Published: Monday, April 23, 2018 @ 5:21 PM
TORONTO — A van apparently jumped onto a sidewalk Monday at a busy intersection in Toronto and struck down pedestrians before the vehicle was found and the driver taken into custody, Canadian police said.
Published: Monday, April 23, 2018 @ 6:40 PM
WELCH, Okla. — Investigators made a break in the 1999 disappearance of two Welch, Oklahoma, girls.
Officials charged Ronnie Busick in connection with their disappearance, according to KOKI.
Ashley Freeman and Lauria Bible were 16 years old in 1999, when they planned a sleepover to celebrate Freeman's birthday.
The day after the sleepover, firefighters found Freeman's parents, Danny and Kathy Freeman, shot to death in their burned-out home. The girls, however, had disappeared.
For years, investigators searched for answers, interviewed several potential suspects and pleaded for information surrounding the girls' disappearance.
KOKI reported in 2017 that "extremely valuable" information was turned over by Craig County Sheriff Heath Winfrey.
Officials said they charged Busick Sunday in connection with the case. He faces four charges of first-degree murder, two counts of kidnapping and a final count of arson.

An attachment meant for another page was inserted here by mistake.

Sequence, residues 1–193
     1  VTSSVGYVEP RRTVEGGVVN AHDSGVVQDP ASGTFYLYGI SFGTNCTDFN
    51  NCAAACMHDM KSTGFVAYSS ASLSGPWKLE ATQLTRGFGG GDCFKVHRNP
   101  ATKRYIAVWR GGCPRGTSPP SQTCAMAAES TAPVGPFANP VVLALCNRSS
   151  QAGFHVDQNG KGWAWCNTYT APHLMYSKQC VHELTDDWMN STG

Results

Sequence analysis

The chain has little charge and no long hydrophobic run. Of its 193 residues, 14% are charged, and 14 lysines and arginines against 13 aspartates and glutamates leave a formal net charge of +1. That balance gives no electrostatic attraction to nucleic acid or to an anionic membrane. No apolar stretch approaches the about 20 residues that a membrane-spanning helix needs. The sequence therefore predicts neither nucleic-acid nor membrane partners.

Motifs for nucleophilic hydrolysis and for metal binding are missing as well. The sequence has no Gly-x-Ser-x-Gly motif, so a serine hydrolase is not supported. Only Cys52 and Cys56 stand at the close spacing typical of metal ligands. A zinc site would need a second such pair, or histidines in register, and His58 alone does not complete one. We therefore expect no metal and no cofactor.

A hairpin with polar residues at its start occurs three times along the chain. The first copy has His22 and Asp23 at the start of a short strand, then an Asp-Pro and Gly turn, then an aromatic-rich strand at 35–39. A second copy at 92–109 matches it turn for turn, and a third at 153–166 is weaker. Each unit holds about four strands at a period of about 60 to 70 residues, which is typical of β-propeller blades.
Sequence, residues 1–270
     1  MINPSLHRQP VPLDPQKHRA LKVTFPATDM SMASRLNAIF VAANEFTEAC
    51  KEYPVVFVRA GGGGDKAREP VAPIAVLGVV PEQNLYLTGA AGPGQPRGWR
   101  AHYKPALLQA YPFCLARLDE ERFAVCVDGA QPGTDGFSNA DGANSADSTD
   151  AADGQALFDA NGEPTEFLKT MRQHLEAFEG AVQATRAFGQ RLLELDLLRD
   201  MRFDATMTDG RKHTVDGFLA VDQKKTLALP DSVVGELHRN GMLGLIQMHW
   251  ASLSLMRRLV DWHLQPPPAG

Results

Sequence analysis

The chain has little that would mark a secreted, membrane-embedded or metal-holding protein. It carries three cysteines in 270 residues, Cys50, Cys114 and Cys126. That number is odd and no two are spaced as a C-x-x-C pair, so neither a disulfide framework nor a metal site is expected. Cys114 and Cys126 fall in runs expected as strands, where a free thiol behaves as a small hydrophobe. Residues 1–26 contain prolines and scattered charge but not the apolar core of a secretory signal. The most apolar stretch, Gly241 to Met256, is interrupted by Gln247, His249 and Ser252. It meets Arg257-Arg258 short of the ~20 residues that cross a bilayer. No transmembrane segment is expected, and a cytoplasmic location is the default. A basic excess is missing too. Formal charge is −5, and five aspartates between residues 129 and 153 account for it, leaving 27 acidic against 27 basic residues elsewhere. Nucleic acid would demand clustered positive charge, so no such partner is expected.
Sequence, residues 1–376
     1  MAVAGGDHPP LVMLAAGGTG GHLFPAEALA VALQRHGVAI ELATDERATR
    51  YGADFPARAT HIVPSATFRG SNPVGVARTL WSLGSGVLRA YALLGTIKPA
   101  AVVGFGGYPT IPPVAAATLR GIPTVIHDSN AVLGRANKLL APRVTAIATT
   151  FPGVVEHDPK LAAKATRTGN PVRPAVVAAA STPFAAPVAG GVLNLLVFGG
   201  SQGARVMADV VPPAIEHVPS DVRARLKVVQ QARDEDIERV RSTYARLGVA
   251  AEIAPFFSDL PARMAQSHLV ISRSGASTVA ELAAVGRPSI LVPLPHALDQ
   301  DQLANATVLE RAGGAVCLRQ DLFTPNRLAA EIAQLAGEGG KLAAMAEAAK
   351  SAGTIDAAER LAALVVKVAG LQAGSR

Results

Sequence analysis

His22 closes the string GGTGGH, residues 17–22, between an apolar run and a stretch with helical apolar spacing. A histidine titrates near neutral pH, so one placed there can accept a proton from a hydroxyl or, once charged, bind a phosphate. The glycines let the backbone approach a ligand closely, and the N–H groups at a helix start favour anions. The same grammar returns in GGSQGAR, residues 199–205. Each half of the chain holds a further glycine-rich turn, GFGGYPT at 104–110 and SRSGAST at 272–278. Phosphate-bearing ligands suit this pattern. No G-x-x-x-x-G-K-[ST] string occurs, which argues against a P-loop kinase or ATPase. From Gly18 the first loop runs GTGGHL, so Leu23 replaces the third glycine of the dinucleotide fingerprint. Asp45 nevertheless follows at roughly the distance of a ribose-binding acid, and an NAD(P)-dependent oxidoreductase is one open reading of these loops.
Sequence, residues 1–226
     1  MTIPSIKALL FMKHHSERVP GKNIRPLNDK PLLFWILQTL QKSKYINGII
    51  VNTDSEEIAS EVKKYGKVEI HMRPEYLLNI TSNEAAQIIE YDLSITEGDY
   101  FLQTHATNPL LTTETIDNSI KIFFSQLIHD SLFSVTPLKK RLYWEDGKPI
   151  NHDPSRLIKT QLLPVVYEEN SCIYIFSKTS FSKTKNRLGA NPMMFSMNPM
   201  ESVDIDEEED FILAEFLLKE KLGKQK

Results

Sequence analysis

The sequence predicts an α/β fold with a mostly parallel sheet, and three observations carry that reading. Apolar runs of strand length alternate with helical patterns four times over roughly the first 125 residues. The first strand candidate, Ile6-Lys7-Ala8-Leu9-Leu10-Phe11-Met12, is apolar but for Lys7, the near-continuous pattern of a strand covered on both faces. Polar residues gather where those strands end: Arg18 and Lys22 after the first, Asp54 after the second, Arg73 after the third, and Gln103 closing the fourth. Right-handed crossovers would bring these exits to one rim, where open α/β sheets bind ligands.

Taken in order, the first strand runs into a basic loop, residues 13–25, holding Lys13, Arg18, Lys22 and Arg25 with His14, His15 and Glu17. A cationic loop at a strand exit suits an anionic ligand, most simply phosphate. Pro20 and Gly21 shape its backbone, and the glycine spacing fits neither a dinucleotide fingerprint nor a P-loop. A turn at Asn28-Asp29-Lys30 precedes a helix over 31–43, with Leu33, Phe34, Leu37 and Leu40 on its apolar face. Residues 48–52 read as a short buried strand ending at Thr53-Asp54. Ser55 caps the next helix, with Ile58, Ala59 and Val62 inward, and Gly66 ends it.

Busick is currently in custody in Newston, Kansas, according to investigators.
Here are the most recent DOC pictures of Ronnie Busick, he's in custody now in Newton, Kansas.— Tiffany Alaniz (@TiffanyAlaniz) April 23, 2018
Investigators say Busick, Welch, & Pennington killed Danny & Kathy, burned down their home and kidnapped Lauria Bible and Ashley Freeman. They still need tips to find bodies. @FOX23 pic.twitter.com/93MVLE450s
At least two other people were involved in the case, they said. Those two, identified as Warren Phillip Welch and David Pennington, have since died.
Members of the victim’s families learned Lauria and Ashley were likely kept alive some time after their disappearance, but they have since died. Their bodies have not been recovered.